1. I appreciate a creative take on the content mill for writers, but as a writer I’ve avoided content mills like the plague and I recommend other writers do the same. They do very little to establish the portfolio of a professional writer (or up-and-coming writer) and for me, the twenty dollars you quote here was always a dream. Try $4.00. That’s the most I was offered at one content mill site early on. Usually less. The article was 750 words and required research so I was spending a few hours (2-4 initially) researching, writing and editing something I got no credit for (content mills typically strip authorship and copyright away from the writer). Not only that, as a writer your reputation is everything. If you write for content mills, you run the risk of not being taken seriously when asked for a portfolio and that’s all you have. To learn to write faster and more frequently, I recommend blogging. It’s far more efficient and has the potential to be taken seriously. If you’re a writer who wants to write for someone else other than your blog or your tribe, I recommend submitting your work to reputable sites with strong credibility and some prestige. You may not get paid and you may not get your work accepted right away, but you’ll learn a lot through the process including how to better your work, how to communicate with editors, how to pitch and what sites will help you build a lasting career.

    1. How does writing for a content mill rob you of your reputation? Sure, if you ONLY wrote for content mills, you wouldn’t have a portfolio, but content mills are a great way to make money WHILE building your portfolio and your brand. We all know blogging can take quite some time to be profitable. Writing for a content mill is a great way to make some money in the meantime, especially for new writers who are still working on their writing.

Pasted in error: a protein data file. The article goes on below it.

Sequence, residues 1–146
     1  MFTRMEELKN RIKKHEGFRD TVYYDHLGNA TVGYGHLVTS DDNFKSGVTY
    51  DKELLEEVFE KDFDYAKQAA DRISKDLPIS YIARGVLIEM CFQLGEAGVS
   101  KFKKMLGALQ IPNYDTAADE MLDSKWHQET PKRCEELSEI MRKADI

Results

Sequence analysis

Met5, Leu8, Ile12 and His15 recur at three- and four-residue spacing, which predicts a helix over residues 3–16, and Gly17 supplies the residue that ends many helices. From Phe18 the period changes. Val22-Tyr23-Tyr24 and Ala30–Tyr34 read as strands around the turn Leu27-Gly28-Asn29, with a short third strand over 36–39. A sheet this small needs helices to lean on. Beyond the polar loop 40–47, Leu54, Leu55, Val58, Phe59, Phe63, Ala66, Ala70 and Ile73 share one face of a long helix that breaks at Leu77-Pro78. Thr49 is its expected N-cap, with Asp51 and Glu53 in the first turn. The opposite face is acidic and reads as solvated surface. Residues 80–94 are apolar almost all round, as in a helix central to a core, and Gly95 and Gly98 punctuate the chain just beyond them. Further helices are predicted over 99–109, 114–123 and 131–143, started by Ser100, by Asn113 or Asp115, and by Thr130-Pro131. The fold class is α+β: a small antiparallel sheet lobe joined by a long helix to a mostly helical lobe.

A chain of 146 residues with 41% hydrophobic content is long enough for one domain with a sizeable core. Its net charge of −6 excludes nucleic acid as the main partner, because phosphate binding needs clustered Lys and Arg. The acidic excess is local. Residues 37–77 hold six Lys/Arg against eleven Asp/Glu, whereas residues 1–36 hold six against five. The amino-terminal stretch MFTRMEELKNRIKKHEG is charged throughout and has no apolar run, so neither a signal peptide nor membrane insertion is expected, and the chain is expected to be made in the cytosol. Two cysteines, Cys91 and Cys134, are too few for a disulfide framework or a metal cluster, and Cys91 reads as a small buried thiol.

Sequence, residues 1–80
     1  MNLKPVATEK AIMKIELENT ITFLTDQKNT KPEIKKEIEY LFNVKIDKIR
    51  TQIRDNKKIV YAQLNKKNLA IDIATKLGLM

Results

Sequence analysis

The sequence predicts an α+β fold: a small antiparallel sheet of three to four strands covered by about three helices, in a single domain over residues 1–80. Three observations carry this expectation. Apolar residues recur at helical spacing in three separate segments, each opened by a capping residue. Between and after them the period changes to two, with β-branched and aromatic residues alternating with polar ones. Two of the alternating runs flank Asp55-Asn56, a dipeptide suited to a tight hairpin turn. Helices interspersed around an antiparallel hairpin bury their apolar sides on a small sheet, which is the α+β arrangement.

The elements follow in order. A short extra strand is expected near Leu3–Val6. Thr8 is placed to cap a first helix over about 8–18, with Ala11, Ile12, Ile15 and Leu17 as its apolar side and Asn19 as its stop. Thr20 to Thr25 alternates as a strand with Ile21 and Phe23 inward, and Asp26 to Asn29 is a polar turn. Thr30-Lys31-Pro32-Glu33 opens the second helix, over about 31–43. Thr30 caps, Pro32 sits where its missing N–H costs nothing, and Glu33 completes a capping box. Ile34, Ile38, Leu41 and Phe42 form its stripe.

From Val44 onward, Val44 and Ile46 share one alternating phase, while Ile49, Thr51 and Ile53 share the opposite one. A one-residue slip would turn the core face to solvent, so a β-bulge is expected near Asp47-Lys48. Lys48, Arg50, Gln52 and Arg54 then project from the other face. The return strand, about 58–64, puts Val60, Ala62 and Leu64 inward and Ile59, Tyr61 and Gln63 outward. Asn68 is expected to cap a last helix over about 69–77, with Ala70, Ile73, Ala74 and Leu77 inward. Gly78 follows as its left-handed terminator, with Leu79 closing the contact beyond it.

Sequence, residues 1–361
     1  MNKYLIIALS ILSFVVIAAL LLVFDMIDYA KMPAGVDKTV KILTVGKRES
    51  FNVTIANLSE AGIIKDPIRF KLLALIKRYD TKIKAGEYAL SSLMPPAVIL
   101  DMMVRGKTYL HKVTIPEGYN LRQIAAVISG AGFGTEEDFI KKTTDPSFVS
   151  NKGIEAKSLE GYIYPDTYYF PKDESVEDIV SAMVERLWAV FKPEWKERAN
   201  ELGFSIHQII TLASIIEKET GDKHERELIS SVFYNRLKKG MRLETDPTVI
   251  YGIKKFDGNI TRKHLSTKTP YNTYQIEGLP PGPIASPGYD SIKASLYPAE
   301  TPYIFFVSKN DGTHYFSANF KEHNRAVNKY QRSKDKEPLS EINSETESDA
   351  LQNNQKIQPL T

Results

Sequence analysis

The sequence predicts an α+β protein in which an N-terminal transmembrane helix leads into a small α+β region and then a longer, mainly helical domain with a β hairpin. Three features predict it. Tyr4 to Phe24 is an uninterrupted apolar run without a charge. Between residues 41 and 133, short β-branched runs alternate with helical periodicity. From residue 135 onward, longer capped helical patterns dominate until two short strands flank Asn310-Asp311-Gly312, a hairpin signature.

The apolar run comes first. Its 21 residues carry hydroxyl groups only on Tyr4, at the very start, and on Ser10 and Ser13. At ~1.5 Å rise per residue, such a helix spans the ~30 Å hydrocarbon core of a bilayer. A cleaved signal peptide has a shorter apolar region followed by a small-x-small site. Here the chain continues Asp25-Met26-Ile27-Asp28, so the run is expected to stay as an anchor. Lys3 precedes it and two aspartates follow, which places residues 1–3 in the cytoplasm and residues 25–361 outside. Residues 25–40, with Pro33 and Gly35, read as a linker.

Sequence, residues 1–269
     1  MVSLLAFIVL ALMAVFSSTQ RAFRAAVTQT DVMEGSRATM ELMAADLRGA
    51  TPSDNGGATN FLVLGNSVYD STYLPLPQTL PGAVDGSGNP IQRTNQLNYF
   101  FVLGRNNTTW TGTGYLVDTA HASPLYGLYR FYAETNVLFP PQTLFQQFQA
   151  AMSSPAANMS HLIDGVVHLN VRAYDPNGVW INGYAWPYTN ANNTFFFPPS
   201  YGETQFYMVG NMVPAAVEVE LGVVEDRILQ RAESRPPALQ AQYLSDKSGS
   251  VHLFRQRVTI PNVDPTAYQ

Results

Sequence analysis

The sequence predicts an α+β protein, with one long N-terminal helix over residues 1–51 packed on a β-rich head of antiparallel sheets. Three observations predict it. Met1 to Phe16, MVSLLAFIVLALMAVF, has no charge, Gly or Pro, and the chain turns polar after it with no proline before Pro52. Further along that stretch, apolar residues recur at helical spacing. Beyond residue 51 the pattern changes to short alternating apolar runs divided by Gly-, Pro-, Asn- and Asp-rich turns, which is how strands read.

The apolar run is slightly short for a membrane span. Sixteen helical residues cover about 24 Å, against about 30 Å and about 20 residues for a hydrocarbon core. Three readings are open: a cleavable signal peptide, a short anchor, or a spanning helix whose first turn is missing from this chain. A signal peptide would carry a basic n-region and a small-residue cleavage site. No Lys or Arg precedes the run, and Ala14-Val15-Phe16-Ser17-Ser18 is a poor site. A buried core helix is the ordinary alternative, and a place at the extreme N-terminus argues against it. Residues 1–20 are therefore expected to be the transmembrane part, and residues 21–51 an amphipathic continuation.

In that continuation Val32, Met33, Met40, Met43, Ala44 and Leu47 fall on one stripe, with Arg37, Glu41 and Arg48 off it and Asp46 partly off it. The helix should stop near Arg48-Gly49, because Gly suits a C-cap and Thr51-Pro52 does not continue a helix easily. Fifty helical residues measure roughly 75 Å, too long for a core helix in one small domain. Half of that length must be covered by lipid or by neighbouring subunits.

I started with the content mills as a brand new writer, and I’m glad I did. Sure, the first few articles were $5 for 400 words, but I make a lot more than that now! From the same sites, too. I can see how they would seem like a waste of time at first, but just like with blogging–once you figure out what you’re doing, you can do really well! 🙂

  2. I do write for a couple of content mills and I love it. Sure, I made peanuts starting out, but now (just over a year later), it provides a very good income. Whether or not you will benefit from them definitely depends on your goals–you don’t get a byline, but it has been very profitable and worthwhile for me!

    1. I really enjoyed this article and your comments. Are there any reliable content mills that you would recommend to get started with writing articles? I am a newbie to freelance writing 🙂 My fear is that there are so many writing styles. Do you write your articles based on your own writing style or do you use several writing templates that you have developed? I was told there is no universal way of writing. I guess I am so used to following a structure or step-by-step process without the gray areas. I am starting to realize that writing is vague (in a good way). I know that I need to work on my word usage and take a refresher on English 101…lol. I am a new writer who is looking forward to receiving advise on how to enter the field.

      Best Regards,
      Eric

      1. Glad you found it helpful! I have not written for a content mill personally, however, I have a guest post coming up on the site from a woman who has been doing it for a while and answers a lot of the questions you ask. It will be published soon, so keep an eye on our site!

  3. Hi Chad,

    You point people to Google, where the largest content mill it will point them to is Demand Studios. I spent just over five years writing for Demand and three of those years as an editor there. I was canned a few months ago after the rewrite requests got a bit too ridiculous, and the amount of work for $25 just wasn’t worth it. Also, when I left, the titles were drying up and articles were harder and harder to find. I did it to earn funny money, and when you run the math on writing an average of two articles per day at $25 per pop over the course of years, that’s not bad. In my opinion, if someone wants to be a blogger just start writing. I think you’ll better serve yourself by searching for topics and inspiration by living your life, reading the news and reading things that other people write. There is nothing you can learn from a content mill that you won’t learn writing and working on your own site. You can read about my experience with Demand in a blog post I wrote called Fired from the Content Mill, or: How to Shave a Honey Badger’s Balls: http://bit.ly/1lkiIAt

  4. Pingback: A Veteran Content Writer Shares The Pros and Cons Of Content Mills | Beyond Your Blog

  5. Loved this, Susan. Lots of great information here so thank your hubs, too. Most of all, I liked this:

    Chad is a software engineer by day and the IT department for his blogger wife by night. Chad doesn’t believe in social media, so you can follow him in the car, on the street or by hiring a private investigator.

    Hahahaha, made me laugh so hard!